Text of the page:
Hervey Bay is famous for its whale watching cruises and because mothers with their calves have a protected environment in the bay and often rest there for a few days on their migration north or south (depending on the season). As the migration season ends end of October, Ilinca and I managed to basically book the last tour available and we drove early in the morning from Noosa towards Hervey Bay. Half way at Hervey Bay, we however received a phone call from the tour agency that our cruise had to be cancelled due to strong winds. We were both very disappointed, but in the end, going out on the sea and not spotting any whales would have been even more frustrating.
Improvising a Day at Hervey Bay
So we arrived at 10:00 at Hervey Bay without any plans, and we had a full day there as we only leave for Fraser Island the day after. We went first to the tour agency to get our tour refunded and collected some advice from another tour agency what could be done. As we have not seen any kangaroos so far, we visited Fraser Coast Wildlife Sanctuary, a not very touristic and non-profit organization near Maryborough that takes care of injured wildlife.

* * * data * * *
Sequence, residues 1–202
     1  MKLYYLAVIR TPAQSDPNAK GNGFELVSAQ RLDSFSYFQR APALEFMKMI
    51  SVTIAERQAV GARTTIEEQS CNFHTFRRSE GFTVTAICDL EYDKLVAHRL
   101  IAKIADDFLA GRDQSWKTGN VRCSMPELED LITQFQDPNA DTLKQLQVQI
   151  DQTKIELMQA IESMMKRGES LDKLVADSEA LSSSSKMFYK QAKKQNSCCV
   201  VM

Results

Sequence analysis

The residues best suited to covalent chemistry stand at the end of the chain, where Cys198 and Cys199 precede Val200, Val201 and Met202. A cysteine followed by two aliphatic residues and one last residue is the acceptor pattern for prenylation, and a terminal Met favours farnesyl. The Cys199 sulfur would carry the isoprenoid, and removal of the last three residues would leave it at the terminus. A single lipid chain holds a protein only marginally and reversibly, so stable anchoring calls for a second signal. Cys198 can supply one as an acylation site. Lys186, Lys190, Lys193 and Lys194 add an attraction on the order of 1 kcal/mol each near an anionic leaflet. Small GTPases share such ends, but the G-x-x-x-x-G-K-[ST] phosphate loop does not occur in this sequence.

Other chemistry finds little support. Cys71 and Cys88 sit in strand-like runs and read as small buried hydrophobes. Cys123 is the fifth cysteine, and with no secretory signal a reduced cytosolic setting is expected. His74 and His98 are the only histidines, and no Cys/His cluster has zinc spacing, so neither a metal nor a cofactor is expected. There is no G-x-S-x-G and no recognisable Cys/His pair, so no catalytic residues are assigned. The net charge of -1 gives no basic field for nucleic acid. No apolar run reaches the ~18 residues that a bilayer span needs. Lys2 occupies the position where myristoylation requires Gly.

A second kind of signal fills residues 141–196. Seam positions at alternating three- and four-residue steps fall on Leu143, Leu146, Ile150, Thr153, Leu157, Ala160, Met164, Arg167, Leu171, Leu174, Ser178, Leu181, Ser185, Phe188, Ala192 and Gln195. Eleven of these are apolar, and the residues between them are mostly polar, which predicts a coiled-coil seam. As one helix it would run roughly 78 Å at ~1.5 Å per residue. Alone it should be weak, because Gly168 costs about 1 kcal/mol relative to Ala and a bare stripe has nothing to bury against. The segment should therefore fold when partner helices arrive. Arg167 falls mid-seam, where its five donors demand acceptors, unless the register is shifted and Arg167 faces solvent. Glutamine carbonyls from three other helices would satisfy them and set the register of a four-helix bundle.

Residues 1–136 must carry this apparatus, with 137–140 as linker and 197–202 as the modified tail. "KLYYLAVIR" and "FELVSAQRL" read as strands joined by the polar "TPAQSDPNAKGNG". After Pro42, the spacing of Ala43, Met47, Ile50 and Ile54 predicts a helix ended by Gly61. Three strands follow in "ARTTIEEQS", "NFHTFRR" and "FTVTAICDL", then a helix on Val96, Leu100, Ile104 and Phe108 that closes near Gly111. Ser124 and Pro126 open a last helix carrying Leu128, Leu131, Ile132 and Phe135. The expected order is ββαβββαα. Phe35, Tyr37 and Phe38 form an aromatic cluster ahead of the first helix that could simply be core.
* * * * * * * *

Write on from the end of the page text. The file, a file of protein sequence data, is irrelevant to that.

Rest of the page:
Rescued Wildlife at Fraser Coast Wildlife Sanctuary
As the sanctuary is not primarily aimed at tourists, there were no animal shows or other attractions from which animals suffer. The only events that occur were the feedings of the animals. We attended the feeding of the kangaroos and emus, which were in a very large fenced area where visitors could walk in. As Ilinca and I were the only visitors, we basically could feed dozens of kangaroos and emus ourselves with sweet potatoes, apples, and other fresh food. It was a very nice way of getting close to some of Australia’s most famous inhabitants.
Due to its large beak, I was first a bit skeptical about letting emus eating directly from my hand, but it turned out they pick up the food very gently and it would not hurt at all. The same applied for the kangaroos. Ilinca and I really had a lot of fun feeding them.
Other animals in the park were a rescued camel, which we fed with three apples, some reptiles, birds, and dingoes, which are wild dogs.
I really loved this sanctuary because they care most about the animals and not about the tourist dollars, and the animals I met seemed to have good living conditions.
Preparing for Fraser Island
Once we had returned to Hervey Bay, we picked up our 4wd car that we need the next two days on Fraser Island, bought all the food necessary for the remote island, and had dinner at an Italian place.